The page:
The Minnesota Board of Water and Soil Resources (BWSR) approved $12.7 million in Clean Water Fund grants on Dec. 16 to improve water quality in streams, lakes, and groundwater across the state. Most of the grant funding is allocated for voluntary conservation projects across Minnesota, including funding for projects that focus on improving and protecting drinking water.
The $12.7 million will fund 31 grants dedicated to specific projects and practices. Four grants will support multipurpose drainage management, and four grants will focus on projects that specifically address drinking water issues.
Two of the 31 specific project grants will go toward efforts in the Vermillion River Watershed. One of these is a planned dry pond with a wet sedimentation forebay in Foxborough Park, Lakeville, which is next to the North Creek tributary. This pond will capture and reduce sediment and total phosphorus from an existing stormwater outfall that discharges directly to North Creek. The basin would be constructed within an existing park greenspace and intercept stormwater from the outfall to treat the pollutants. The project will reduce an estimated 18 tons per year of sediment and 32 pounds per year of phosphorus, from a stream that is anticipated to be placed on the 2022 federal impaired waters list.
The other is a ravine stabilization adjacent to Ravenna Trail (Dakota County Rd. 54). Portions of the lower Vermillion River are abutted by steep, erodible hillsides that deposit sediment directly in the river during rain events and contribute to this reach of the Vermillion River being impaired for turbidity. VRWJPO, in partnership with Dakota County and Dakota County Soil & Water Conservation District, seeks to stabilize 3,600 linear feet of two heavily eroded ravines that deposit sediment into the river by installing armoring/rock-lined channel, ravine bank and channel stabilization, low-flow drop structures, riprap check dams and plunge pools, and other practices. This is estimated to reduce 130 tons per year of total suspended solids and 78 pounds per year total phosphorus.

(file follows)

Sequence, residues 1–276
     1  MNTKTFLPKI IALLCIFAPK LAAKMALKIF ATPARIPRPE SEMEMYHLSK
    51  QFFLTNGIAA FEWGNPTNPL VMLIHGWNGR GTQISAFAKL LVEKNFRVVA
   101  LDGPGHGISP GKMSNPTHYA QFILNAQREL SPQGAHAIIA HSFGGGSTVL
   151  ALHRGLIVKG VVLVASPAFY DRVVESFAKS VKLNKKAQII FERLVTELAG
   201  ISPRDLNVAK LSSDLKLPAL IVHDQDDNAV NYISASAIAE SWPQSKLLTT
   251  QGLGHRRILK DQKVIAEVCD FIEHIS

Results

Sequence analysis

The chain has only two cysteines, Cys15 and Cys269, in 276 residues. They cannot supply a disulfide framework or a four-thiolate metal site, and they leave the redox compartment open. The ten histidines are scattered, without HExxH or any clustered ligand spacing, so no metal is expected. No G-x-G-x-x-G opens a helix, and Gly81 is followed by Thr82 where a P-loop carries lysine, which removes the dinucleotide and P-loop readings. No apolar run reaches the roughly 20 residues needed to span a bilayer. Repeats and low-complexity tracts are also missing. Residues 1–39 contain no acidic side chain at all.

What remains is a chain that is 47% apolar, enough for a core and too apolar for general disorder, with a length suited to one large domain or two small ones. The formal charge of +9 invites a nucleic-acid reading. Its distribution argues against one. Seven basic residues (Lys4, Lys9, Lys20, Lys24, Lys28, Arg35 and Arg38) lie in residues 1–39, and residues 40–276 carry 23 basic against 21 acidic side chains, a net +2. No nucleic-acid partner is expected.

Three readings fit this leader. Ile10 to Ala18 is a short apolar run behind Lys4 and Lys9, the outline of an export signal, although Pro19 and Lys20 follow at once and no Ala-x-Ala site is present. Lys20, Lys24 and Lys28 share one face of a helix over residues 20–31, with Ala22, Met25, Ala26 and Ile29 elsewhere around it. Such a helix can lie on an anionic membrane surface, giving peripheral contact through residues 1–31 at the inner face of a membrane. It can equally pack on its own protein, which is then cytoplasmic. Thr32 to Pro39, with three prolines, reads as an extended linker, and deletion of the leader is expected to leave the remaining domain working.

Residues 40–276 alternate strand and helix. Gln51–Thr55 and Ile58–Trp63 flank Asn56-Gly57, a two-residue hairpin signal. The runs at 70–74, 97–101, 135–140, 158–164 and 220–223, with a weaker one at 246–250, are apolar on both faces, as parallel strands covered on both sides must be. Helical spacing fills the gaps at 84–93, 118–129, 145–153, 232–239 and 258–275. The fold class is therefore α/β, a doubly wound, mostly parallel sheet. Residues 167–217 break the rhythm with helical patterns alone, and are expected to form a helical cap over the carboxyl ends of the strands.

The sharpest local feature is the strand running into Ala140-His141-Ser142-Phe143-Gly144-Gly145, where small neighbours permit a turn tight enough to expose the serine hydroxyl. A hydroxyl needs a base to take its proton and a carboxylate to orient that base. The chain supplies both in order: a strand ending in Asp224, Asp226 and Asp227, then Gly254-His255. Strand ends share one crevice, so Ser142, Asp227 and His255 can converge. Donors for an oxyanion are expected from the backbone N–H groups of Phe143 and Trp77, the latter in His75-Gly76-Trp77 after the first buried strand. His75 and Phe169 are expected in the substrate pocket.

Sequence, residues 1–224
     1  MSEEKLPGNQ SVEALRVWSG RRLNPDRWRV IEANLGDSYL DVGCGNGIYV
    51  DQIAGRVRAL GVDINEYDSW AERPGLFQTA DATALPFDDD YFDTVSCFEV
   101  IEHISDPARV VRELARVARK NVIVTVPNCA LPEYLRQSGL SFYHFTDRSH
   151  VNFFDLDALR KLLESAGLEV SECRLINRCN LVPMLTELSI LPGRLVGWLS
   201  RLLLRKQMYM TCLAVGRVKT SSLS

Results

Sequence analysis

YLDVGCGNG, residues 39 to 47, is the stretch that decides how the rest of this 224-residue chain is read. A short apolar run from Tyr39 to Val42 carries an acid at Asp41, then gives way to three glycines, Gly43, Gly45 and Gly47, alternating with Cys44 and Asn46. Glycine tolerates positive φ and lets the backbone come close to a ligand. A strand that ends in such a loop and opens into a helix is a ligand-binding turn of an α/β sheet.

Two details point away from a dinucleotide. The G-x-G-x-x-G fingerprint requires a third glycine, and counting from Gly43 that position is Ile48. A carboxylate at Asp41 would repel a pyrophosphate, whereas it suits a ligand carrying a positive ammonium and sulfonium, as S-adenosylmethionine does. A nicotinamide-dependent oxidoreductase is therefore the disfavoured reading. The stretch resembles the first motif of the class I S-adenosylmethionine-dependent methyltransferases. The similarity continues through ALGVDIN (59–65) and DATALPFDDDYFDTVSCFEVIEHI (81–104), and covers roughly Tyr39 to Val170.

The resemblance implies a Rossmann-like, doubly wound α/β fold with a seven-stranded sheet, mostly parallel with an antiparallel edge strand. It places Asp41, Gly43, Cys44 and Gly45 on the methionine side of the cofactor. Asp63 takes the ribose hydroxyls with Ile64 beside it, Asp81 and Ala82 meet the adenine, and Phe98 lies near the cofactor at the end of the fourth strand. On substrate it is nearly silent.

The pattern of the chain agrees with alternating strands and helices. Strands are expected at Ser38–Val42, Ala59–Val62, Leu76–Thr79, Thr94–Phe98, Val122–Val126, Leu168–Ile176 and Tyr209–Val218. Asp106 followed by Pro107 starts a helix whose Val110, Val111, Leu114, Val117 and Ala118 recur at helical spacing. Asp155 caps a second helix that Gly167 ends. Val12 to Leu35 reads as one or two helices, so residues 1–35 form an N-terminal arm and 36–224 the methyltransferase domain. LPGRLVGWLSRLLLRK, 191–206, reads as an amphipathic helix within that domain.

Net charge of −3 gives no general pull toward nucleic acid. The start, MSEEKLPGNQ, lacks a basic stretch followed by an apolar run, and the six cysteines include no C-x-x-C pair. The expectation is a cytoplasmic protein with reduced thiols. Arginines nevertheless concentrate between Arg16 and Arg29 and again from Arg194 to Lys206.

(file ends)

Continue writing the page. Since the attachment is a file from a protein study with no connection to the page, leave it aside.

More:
Additionally, the Dakota County Soil & Water Conservation District’s Drinking Water Protection Project was among the four drinking water projects that received grant funding. The project’s goal is to reduce nitrates in groundwater sourced drinking water throughout Dakota County. This will be accomplished by implementing groundwater protection practices in areas that are vulnerable to contamination. This includes both private wells and public water supplies and will focus on townships that have testing data indicating elevated nitrates in drinking water. Cover crops will be the primary practice along with harvestable covers and restoring perennial vegetation in critical locations.
This is phase 2 of this multi-year project. An estimated 1,000 acres of cover crops, 200 acres of harvestable covers, and 10 acres of restored perennial vegetation will be established through this project and an estimated 7,500 pounds of nitrogen will be prevented from reaching groundwater that is used for drinking water. This work is being done in partnership with Dakota County, the North Cannon River Watershed Management Organization, and the VRWJPO.
About the Minnesota Clean Water Fund
Minnesota voters approved the Clean Water, Land and Legacy Amendment in 2008 to protect, enhance, and restore wetlands, prairies, forests, and fish, game, and wildlife habitat; to preserve arts and cultural heritage; to support parks and trails; and to protect, enhance, and restore lakes, rivers, streams, and groundwater. The Clean Water Fund receives 33% of the sales tax revenue generated by the Legacy Amendment. More information about the Clean Water Fund is available here.